An Interview with Ralph Fiennes
Ralph Fiennes directs and stars in a world premiere adaptation of T.S. Eliot’s Four Quartets to welcome audiences back to live theatre. Compelling, moving and symphonic, Four Quartets offers four interwoven meditations on the nature of time, faith, and the quest for spiritual enlightenment.
Mostly written during WWII when the closure of playhouses during the Blitz interrupted Eliot’s work in theatre, the four parts (Burnt Norton, East Coker, The Dry Salvages and Little Gidding) were the culminating achievement of Eliot’s Nobel Prize winning literary career.
Here, he talks to writer and critic Michael Davies about verse, versatility and Voldemort.
MD: Where did the idea for doing Four Quartets come from?
RF: I’ve known it since I was quite young – we had the TS Eliot recording – so it’s something that’s been floating in and out of my awareness over the years. In the first lockdown last year I gave myself little things to engage my mind and memory, and I thought I’d learn Four Quartets. And then various things I thought I’d do the early part of this year went away – films and so on – and it sort of transitioned. Could it not be put in a context where it was not just recited in a suit or something, but given a kind of gently, appropriately judged theatrical context?
What happened next?
I was daunted and excited in equal measure by what it might be, but with the help of my agent Simon Beresford, [creative producer] James Dacre got behind it and liked the idea. Then the Eliot estate got behind it and then a lot of very talented people in theatre production were available – like Hildegard Bechtler, Chris Shutt and Tim Lutkin, all brilliant in their field. I’m a great believer in the energies of things signalling whether they’re meant to happen or not, so it seemed that the cumulative gathering of people being available and wanting to be part of it sent me a sign that this had some viability.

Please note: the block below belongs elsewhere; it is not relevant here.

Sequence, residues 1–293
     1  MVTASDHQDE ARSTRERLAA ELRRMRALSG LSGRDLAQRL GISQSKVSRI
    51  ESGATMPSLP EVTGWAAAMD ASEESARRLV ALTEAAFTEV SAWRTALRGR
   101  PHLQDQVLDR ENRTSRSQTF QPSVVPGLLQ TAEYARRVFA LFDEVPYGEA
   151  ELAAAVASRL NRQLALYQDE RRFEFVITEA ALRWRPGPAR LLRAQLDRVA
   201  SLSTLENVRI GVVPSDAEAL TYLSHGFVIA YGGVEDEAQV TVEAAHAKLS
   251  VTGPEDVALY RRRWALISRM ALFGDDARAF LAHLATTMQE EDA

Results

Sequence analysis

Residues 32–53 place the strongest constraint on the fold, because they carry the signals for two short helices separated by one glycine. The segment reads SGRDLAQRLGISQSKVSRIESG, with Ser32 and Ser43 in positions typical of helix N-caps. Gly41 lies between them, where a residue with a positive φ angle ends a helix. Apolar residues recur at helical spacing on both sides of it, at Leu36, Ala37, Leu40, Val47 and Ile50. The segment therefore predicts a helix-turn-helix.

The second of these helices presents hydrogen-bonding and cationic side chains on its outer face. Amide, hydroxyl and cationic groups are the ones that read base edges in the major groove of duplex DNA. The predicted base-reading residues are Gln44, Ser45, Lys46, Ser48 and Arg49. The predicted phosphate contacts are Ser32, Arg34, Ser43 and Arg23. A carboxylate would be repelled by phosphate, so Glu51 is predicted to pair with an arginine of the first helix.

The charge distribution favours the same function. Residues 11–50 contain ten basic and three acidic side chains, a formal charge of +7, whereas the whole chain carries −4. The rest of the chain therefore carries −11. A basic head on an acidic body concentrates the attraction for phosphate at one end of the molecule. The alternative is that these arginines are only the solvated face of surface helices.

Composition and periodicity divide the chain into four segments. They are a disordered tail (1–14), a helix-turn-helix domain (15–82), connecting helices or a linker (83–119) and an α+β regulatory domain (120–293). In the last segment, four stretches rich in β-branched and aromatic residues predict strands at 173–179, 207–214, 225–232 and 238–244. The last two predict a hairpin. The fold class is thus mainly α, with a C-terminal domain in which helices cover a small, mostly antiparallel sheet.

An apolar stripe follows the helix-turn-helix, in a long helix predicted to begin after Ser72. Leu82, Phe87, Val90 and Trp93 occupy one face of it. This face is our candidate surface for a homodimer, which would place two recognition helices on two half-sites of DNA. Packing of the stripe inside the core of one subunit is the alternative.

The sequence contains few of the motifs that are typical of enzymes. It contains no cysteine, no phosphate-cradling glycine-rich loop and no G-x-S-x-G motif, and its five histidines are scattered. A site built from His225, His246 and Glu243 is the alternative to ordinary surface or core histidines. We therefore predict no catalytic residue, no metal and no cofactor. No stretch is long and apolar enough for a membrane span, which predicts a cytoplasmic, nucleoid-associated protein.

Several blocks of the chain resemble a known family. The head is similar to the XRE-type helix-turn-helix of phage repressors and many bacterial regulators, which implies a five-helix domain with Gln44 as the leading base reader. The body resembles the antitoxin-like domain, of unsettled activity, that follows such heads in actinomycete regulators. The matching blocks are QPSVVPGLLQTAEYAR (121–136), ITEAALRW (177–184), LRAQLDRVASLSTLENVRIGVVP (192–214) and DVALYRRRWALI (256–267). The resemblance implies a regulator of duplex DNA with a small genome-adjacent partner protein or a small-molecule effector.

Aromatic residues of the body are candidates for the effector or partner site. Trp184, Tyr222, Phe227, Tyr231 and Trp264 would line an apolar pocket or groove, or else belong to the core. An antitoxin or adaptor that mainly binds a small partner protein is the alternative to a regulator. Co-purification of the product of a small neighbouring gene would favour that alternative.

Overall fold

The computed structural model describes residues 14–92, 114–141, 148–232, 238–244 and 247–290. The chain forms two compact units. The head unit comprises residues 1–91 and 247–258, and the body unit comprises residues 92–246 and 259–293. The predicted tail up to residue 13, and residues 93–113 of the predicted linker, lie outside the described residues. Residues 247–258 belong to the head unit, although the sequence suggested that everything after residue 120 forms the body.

Why does Four Quartets appeal to you?
I think it deals with such endless essential perennial questions of time, the spirit, the soul, the journey of the soul in life – big, big ideas. In the end you could say the takeaway is “Live in the present” but he goes deeply into how we’re trapped in notions of sequential time. But it’s a very human quest by a man who I think has been through the wringer internally himself – questioning his existence, very unhappy marriage, sense of identity – and then the war crystallising this sense of quest. So it’s endlessly mysterious, but I think there are also ways of speaking it that are conversational and accessible.
“It continues to communicate”
How much is Eliot’s voice in your head?
Not much at all. I said to the team on our first day of rehearsal back in February that I thought we should all listen to Eliot’s recording – the master’s voice – but we all came away with a very strong sense that this was not helpful for us if we want to make this accessible. It’s an old-school delivery with a certain kind of refined English intellectual speaking: it has its own kind of beauty and it’s wonderful to hear his voice but the dynamic of its communicative ability more for younger people today I think is questionable, because it feels from another time. I want the poem to communicate to younger minds; I want it to be active.
Four Quartets was written in the 1930s and 40s, when the world was in crisis. How strong is the resonance with today?
Very strong. We’re trapped in our houses, we’re denied all these norms of social interaction, assumptions about life and work and travel are all taken away, and so I sense we’re left with: what are we, who am I, what is of value in my life, in our shared lives? It continues to be a crisis of what we don’t know, where this thing is going. And Eliot references a sense of where we have to embrace not knowing: “And what you do not know is the only thing you know.” Doing it for colleagues and friends in rehearsal, one of the key and most common responses was: “My God, it’s so modern – my God, it’s all about now.” And that was a very frequent response to it.
What do you hope this interpretation will achieve?